Don’t ask me to be a trustee, unless…

Monday, June 26, 2017

I’ve had two trustee roles and enjoyed both immensely. I stayed in both for over four years, and then I left before completing a fifth year in either. I felt that potential to add value had eroded and it would be better for new people to come in with fresh skills and new thinking.

I know when it’s time to move on, and I do. Time is not renewable. When it’s gone, it’s gone.

As the managing director of a growing business with 13 colleagues and lots of clients, the pressure on my time is ever expanding. I have a wife, three children aged 6 to 14, I practice karate and like to go to the gym. I have friends I rarely see. If I gave more time to any of these things my life would be further enriched.

I work hard to protect my time for where I can have a positive impact and gain most enjoyment, so why would I want to take another trustee role? If I do, why should I join your charity?

Looking at most adverts for trustee roles advertised via the GuardianThird Sector, Charity Job and the like is an underwhelming experience. Most are little more than repetition of the job description and person specification. I guess this is better than simply relying on tapping up existing networks, but not much, as you’re unlikely to get a good return on your investment.

If I had a pound for every time I’ve heard a charity say that it’s challenging to recruit trustees, I’d be a wealthy philanthropist. It’s like anything in life; if you dedicate time and resources to doing it well, you get better results. Do you really think that an advert cobbled together quickly without too much thought is going get us flocking to you?

If I reflect personally on my trustee experience, have I had the impact or experience I would have hoped to have in my previous trusteeships that would make me do another one? Maybe, but I’ll be looking to answer this question more definitively in the future as my time pressures grow.

To attract me, or any potential trustee who has work and other commitments you’ll need to sell the potential impact we can have. We need to know that our time is well invested.  Have you undertaken any recent board development or given trustees development opportunities? If you have, and tell me that you have, I will see that as a positive indication that you have a board environment that will welcome my contribution and enable me to grow. Invest in me and I’ll give you a great return on that investment.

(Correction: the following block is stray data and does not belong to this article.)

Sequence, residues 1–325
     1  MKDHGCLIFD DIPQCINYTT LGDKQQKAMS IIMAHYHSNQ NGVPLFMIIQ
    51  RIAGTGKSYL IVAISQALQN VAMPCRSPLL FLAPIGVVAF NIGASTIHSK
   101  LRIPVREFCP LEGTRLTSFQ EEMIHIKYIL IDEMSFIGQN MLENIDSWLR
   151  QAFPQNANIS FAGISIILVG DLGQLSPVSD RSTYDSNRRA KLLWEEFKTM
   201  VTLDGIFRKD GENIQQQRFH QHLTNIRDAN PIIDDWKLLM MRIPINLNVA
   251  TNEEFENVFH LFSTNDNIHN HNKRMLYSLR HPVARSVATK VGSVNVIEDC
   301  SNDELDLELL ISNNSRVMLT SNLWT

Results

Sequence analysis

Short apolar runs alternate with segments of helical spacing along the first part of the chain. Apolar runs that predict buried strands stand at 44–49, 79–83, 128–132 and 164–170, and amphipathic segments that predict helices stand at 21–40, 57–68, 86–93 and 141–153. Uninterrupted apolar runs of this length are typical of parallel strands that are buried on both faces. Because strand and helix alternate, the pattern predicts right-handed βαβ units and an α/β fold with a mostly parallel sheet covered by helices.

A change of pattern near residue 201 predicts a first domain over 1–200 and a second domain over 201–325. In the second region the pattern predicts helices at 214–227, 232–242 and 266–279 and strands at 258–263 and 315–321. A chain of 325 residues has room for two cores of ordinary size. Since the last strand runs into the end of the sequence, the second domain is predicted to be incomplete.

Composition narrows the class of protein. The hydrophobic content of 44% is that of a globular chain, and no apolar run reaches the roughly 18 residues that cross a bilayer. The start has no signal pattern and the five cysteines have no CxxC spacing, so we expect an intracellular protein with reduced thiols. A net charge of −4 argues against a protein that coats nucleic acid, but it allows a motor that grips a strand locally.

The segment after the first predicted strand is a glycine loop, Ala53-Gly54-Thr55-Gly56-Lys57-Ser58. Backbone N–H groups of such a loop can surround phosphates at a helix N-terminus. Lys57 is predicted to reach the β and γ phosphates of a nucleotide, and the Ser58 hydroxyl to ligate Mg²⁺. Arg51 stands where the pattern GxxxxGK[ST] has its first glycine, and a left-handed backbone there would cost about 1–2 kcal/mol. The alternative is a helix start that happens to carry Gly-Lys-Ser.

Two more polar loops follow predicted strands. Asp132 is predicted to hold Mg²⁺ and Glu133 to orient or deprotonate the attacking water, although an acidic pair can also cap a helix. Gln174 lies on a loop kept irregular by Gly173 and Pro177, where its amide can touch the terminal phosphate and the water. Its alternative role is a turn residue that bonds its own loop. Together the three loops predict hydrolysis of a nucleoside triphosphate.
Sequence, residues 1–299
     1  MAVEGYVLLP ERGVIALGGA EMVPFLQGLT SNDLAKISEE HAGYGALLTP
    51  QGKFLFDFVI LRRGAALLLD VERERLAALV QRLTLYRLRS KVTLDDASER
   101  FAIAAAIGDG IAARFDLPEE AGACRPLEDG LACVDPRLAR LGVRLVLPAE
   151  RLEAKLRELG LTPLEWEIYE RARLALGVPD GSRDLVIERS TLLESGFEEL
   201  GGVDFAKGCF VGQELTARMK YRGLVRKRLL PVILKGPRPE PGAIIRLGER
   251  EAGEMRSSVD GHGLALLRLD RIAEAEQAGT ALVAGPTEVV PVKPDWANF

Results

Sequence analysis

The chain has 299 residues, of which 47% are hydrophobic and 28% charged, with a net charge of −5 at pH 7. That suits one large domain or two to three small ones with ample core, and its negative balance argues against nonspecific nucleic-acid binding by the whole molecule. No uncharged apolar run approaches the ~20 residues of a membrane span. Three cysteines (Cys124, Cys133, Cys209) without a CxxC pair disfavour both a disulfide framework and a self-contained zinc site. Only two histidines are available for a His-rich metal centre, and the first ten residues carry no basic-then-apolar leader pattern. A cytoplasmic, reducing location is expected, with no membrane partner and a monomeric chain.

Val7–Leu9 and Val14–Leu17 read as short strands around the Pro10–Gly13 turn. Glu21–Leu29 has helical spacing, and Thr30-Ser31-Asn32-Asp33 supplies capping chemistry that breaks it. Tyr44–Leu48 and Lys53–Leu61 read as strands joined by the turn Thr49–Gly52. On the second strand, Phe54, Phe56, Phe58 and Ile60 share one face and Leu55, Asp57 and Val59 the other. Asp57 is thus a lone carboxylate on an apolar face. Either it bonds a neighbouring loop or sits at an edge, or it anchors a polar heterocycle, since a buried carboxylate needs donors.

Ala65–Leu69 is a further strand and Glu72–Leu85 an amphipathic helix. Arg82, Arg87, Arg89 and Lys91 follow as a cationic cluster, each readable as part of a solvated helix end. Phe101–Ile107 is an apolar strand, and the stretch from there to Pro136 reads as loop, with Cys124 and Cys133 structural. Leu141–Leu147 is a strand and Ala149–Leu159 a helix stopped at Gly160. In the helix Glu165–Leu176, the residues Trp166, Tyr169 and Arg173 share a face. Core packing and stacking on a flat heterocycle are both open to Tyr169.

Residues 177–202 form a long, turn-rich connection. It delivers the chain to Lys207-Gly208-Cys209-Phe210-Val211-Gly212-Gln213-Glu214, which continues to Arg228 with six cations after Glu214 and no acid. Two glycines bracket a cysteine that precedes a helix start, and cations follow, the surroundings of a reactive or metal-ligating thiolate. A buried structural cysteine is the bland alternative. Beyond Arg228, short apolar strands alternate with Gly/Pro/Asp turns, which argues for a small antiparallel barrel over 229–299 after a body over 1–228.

You think I’m hard work? I understand the role and I am socially motivated. I miss not having a trustee role, and I will certainly take on another trustee role before 2017 is out. I will attend the meetings and sub-committees, I will do additional things to fulfil my ambassadorial duties, and lend my expertise and advice to staff on an ad hoc basis when needed. You will however, need to give me a powerful reason why I should give that time to your charity.  As a minimum, here’s what I want to know:

  • What will my specific role be, and how can I use my skills to add value to the charities strategy or operations?
    Personal impact = motivation
  • What can the charity achieve over the next 3-5 years and how will the board of trustees support that journey?
    Team work = fun, and greater impact
  • How will you support and develop me?
  • What is the culture of your doard; if you are focused on strategic and generative discussion and open to new thinking, shouldn’t you tell me so?
    Exciting discussions = enjoyable meetings, that I want to attend
  • What do other Trustees say about being a trustee? I’d love to know!
    Tell me a story to develop emotional engagement

If you can bring these messages to me, rather than me having to look at adverts, even better. If you can’t answer these questions please don’t ask me to take time away from the other things in my life that I value.

More people think this way than you may imagine. Particularly the people you need to attract to achieve a more diverse board. There are millions of potential trustees in the UK, and most don’t know what being a trustee is, or how it can benefit them. How will you appeal to those people and show them how great an experience being a trustee can be?

If you would like advice on developing your Board, making a more compelling proposition to prospective trustees, or for support on recruiting new people, I’d love to tell you.

Grant Taylor, managing director, Peridot Partners.